Breaking The Net: Family Structure And Street Children In Zambia
AbstractDrawing on original fieldwork in the slums of Ndola in Northern Zambia we study the role of family structure in caring for vulnerable children. We try to isolate those features of a child’s nuclear and extended family that put him most at risk of ending up on the streets. We find that older, male children and particularly orphaned children are more likely to wind up on the street. Families with a male household head who is in poor health are more likely to originate street children. The educational level, age and employment status of the male head of household has little impact on the likelihood a child has taken to the street. In contrast, households with surviving maternal grandparents or with a male head who has many sisters are significantly less likely to originate street children. These findings support the critical role that women play in poor countries and highlight the importance of policies aimed at empowering women. At the same time, our findings suggest that policies aimed at improving the health of the male head of household can also yield important benefits.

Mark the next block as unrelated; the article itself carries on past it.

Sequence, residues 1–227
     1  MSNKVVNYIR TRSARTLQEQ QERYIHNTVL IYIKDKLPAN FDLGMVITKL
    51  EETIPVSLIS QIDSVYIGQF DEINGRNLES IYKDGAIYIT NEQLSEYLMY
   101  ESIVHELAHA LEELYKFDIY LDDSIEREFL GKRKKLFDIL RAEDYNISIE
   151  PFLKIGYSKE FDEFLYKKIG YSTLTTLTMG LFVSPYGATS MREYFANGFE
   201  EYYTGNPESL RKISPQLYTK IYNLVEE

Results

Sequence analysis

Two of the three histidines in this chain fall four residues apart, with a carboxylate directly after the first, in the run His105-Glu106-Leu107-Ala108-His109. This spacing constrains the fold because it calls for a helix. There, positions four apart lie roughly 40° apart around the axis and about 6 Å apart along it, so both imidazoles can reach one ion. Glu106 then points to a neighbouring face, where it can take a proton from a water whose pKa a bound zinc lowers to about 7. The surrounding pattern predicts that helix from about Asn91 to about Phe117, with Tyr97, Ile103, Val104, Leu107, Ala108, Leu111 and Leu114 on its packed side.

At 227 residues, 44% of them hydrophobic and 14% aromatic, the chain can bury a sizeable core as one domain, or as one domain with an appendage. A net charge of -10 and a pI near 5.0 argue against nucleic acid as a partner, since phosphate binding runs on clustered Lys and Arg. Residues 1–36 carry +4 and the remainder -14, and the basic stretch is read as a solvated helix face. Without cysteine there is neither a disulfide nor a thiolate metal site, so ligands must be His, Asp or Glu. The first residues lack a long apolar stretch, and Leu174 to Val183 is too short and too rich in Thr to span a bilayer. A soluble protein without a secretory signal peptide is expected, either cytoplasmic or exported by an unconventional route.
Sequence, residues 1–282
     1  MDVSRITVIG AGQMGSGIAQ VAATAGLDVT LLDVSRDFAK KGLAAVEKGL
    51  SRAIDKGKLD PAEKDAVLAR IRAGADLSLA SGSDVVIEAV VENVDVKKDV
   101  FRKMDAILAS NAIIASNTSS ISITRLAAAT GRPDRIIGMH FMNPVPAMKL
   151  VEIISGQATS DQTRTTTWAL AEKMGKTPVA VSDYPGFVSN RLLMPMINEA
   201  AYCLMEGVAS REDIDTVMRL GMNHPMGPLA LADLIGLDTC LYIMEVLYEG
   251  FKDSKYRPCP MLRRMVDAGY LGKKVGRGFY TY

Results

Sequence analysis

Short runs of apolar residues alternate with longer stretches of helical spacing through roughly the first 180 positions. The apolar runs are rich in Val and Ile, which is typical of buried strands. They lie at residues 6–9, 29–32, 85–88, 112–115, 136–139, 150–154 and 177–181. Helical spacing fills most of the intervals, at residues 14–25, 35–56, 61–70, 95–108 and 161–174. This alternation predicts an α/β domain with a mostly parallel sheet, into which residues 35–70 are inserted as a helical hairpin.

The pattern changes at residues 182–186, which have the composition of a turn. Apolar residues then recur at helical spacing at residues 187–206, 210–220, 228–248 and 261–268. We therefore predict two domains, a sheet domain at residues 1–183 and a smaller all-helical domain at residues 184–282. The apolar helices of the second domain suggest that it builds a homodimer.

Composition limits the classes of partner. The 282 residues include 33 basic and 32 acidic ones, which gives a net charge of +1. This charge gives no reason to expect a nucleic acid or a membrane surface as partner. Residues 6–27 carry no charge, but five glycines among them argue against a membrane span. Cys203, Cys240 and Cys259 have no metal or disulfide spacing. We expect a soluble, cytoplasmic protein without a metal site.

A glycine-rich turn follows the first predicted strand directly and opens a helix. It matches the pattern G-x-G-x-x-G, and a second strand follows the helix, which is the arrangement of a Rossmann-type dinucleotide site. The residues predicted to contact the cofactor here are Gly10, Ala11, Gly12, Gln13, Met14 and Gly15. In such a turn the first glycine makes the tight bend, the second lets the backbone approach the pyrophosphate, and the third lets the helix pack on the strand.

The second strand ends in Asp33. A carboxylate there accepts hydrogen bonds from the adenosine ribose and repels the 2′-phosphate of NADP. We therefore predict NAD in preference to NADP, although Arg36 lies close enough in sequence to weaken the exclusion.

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Bibliographic InfoPaper provided by Boston University - Department of Economics in its series Boston University - Department of Economics - Working Papers Series with number WP2011-042.
Length: 33 pages
Date of creation: Jan 2011
Date of revision:
Other versions of this item:
- Francesco Strobbe & Claudia Olivetti & Mireille Jacobson, 2010. "Breaking the Net: Family Structure and Street Children in Zambia," Brooks World Poverty Institute Working Paper Series 11110, BWPI, The University of Manchester.
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